Near the end of the World Conference on Sport and the Environment in Vancouver yesterday, Kim Smither of marketing firm Octagon Worldwide displayed a series of photos of screaming, face-painted sports fans.
“Imagine the power you’d have if you could harness this,” she said.
Talk of “harnessing” the passion of sports showed up everywhere at the two-day conference, but Smither moved past the cliché and made a case that athletes are in a great position to promote environmentally friendly behavior—if they understand the diversity of their fans.
She walked conference delegates, including several Olympic medalists, through Octagon’s “Passion Drivers” market research, which tries to determine exactly why sports fans are moved to scream themselves hoarse, or at least plan their weekends around televised games.
The company found viewers are drawn to spectator sports for different reasons — team loyalty, for example, or nostalgia, or gloating rights, or admiration of individual athletes, or a sense of tribal belonging.
Octagon’s Olympic-focused research uncovered national trends. Devotion to the national team is the most important motivator for Chinese viewers. In England, nostalgia and appreciation for history and tradition provide the strongest emotional connection to the games. Canadians are driven by an affinity for their own team, for home-grown athletes, and for the cold-weather sports they consider “theirs.” Americans are exceptionally drawn to individual athletes (hence NBC’s human-interest vignettes).
If environmental groups — and Olympians who speak on their behalf — want the attention of viewers, understanding their different motivations is invaluable, Smither said.
“If you know why people are passionate, you can really target your message,” she said. “Sports fans are not a homogenous group. Some people are going to tune it out, but if you can find a way to speak in your audience’s language, you have a much better chance of being heard.”
Most of the self-selected respondents to Octagon’s surveys said Olympic athletes could persuade them to change their environmental athletes. Interestingly, they overwhelmingly said the messages of all athletes — not just superstars — mattered to them.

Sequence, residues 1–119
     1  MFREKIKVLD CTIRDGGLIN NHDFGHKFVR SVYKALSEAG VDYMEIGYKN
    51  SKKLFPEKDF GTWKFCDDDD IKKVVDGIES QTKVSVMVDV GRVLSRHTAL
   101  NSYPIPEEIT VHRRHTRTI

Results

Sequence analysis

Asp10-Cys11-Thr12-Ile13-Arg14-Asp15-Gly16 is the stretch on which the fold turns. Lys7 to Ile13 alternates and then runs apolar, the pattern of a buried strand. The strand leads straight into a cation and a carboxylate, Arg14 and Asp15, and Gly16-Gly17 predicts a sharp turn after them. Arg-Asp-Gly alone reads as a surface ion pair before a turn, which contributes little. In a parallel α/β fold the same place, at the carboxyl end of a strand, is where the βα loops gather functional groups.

“I believe they hold the key to bringing sustainability to the Olympics,” Smither said of the majority of Olympians who do not win medals.
The research also found that people considered the Olympics an appropriate venue for sustainability messages. So they aren’t necessarily demanding that competitions provide an escape from social and political problems.
Anna van der Kamp, a silver medalist in rowing and project director for Clean Air Champions, a group of Canadian Olympians that promotes environmental health, led a panel responding to Octagon’s research. I asked her whether spectator sports have an escapist nature that limits the amount of social change they can promote.
If you can identify viewers that watch sports for escapist reasons (what Octagon calls “Self indulgence” and “Me time”), you can avoid them and target messages toward other groups, van der Kamp said.
The research was new to her, but she said Clean Air Champions has found its personal-health message much more successful with those already involved in athletics.
“People who are physically active, like amateur athletes, are more likely to take on new actions related to the environment,” she said. “So we seek them out.”
Other than urging athletes to step up and start endorsing environmental stuff, the Octagon presentation was more about inspiration than strategy. But it suggested sports fans might be quicker to engage in social issues than one might assume.